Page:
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Table 11  Fuel Prices and Percent Taxes in European Countries 
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Figure 1  Hypothetical Marginal and Average Costs of Highway Transportation 
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Figure 2  ORMC Calculation Process 
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Figure 3  User Cost Categories 
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Figure 4  ORMC Distribution with Respect to Trip Distance for Peak and OffPeak Hours (VOT = $7.6) 
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Figure 5  ORMC Distribution with Respect to Trip Distance for Peak and OffPeak Hours (VOT = $32.3) 
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Figure 6  ORMC Distribution with Respect to Highway Functional Type Percentage During Peak Hours for a Trip Distance of Two Miles (VOT = $7.6): Marginal Cost vs. LocalCollector Highway 
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Figure 7  ORMC Distribution with Respect to Highway Functional Type Percentage During OffPeak Hours for a Trip Distance of Two Miles (VOT = $7.6): Marginal Cost vs. LocalCollector Highway 
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Figure 8  ORMC Distribution with Respect to Highway Functional Type Percentage During Peak Hours for a Trip Distance of Two Miles (VOT = $7.6): Marginal Cost vs. Minor Arterial Highway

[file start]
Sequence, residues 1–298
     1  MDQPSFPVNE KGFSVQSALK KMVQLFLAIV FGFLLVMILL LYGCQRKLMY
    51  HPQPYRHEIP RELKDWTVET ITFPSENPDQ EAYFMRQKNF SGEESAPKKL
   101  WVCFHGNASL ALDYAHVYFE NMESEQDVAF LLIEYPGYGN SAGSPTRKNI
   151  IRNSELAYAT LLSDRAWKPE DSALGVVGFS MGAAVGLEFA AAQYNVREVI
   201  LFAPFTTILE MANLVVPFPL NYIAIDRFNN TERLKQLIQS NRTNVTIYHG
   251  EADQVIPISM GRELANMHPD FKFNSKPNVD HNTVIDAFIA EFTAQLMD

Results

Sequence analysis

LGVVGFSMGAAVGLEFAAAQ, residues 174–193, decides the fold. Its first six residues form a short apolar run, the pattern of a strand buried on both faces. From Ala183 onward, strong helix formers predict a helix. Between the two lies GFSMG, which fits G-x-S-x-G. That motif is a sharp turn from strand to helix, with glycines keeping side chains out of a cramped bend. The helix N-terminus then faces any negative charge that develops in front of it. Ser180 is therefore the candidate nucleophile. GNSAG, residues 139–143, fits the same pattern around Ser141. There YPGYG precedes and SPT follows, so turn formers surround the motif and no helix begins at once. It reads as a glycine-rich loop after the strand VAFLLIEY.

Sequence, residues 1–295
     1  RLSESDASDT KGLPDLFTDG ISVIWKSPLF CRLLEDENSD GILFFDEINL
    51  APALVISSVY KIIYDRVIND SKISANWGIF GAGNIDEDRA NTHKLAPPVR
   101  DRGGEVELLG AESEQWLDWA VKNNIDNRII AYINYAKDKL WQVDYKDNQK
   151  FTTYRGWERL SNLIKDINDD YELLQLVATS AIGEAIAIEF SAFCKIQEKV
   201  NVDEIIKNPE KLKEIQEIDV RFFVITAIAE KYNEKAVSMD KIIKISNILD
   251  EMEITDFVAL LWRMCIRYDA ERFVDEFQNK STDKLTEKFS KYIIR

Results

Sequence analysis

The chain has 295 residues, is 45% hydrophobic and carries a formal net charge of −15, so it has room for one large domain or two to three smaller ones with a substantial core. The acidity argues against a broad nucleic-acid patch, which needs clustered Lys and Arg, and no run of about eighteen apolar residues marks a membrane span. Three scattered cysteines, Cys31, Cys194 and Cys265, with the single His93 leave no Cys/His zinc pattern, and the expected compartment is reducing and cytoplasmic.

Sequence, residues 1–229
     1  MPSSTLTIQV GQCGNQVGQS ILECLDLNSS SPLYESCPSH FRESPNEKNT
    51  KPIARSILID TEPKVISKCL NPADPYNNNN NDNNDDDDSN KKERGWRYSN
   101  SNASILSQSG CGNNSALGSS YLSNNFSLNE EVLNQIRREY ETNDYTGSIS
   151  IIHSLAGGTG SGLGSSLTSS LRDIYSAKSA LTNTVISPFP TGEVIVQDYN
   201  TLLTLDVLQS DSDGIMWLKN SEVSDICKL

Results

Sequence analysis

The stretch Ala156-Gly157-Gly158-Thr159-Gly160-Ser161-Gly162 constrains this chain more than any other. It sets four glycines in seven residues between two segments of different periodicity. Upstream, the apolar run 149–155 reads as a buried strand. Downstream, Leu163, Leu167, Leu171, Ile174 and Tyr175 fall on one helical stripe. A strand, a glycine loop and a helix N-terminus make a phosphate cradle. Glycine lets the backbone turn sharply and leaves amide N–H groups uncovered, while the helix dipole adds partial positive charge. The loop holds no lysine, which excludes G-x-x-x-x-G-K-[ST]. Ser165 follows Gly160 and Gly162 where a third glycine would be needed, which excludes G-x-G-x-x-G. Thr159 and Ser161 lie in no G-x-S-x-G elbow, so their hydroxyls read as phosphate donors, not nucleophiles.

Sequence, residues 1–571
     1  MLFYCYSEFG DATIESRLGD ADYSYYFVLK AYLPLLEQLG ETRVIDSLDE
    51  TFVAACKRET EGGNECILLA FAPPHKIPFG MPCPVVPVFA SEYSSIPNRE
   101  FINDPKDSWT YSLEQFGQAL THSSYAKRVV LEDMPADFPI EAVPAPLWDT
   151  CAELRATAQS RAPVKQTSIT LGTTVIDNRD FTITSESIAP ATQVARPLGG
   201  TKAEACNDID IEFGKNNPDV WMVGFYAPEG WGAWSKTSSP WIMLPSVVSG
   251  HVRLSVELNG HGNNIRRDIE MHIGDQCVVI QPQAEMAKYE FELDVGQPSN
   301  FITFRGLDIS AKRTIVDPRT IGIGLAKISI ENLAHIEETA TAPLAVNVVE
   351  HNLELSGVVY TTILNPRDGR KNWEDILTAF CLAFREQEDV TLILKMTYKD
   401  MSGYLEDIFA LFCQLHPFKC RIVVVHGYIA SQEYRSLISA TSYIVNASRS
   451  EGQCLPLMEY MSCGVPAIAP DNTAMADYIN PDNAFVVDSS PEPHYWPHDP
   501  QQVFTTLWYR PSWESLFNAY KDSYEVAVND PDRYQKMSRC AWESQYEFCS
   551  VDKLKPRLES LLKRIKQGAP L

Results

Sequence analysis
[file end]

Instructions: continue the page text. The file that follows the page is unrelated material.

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Figure 9  ORMC Distribution with Respect to Highway Functional Type Percentage During OffPeak Hours for a Trip Distance of Two Miles (VOT = $7.6): Marginal Cost vs. Minor Arterial Highway 
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Figure 10  ORMC Distribution with Respect to Highway Functional Type Percentage During Peak Hours for a Trip Distance of Seven Miles (VOT = $7.6): Marginal Cost vs. Principal Arterial 
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Figure 11  ORMC Distribution with Respect to Highway Functional Type Percentage During Peak Hours for a Trip Distance of 25 Miles (VOT = $7.6): Marginal Cost vs. InterstateFreewayExpressway 
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Figure 12  ORMC Distribution with Respect to Highway Functional Type Percentage During Peak Hours for a Trip Distance of 25 Miles (VOT = $7.6): Marginal Cost vs. Principal Arterial Highway 
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Figure 13  ORMC Distribution with Respect to Degree of Urbanization During Peak Hours for a Trip Distance of 40 Miles (VOT = $7.6): Marginal Cost vs. Degree of Urbanization 
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Guidelines for Manuscript Submission 
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Back Cover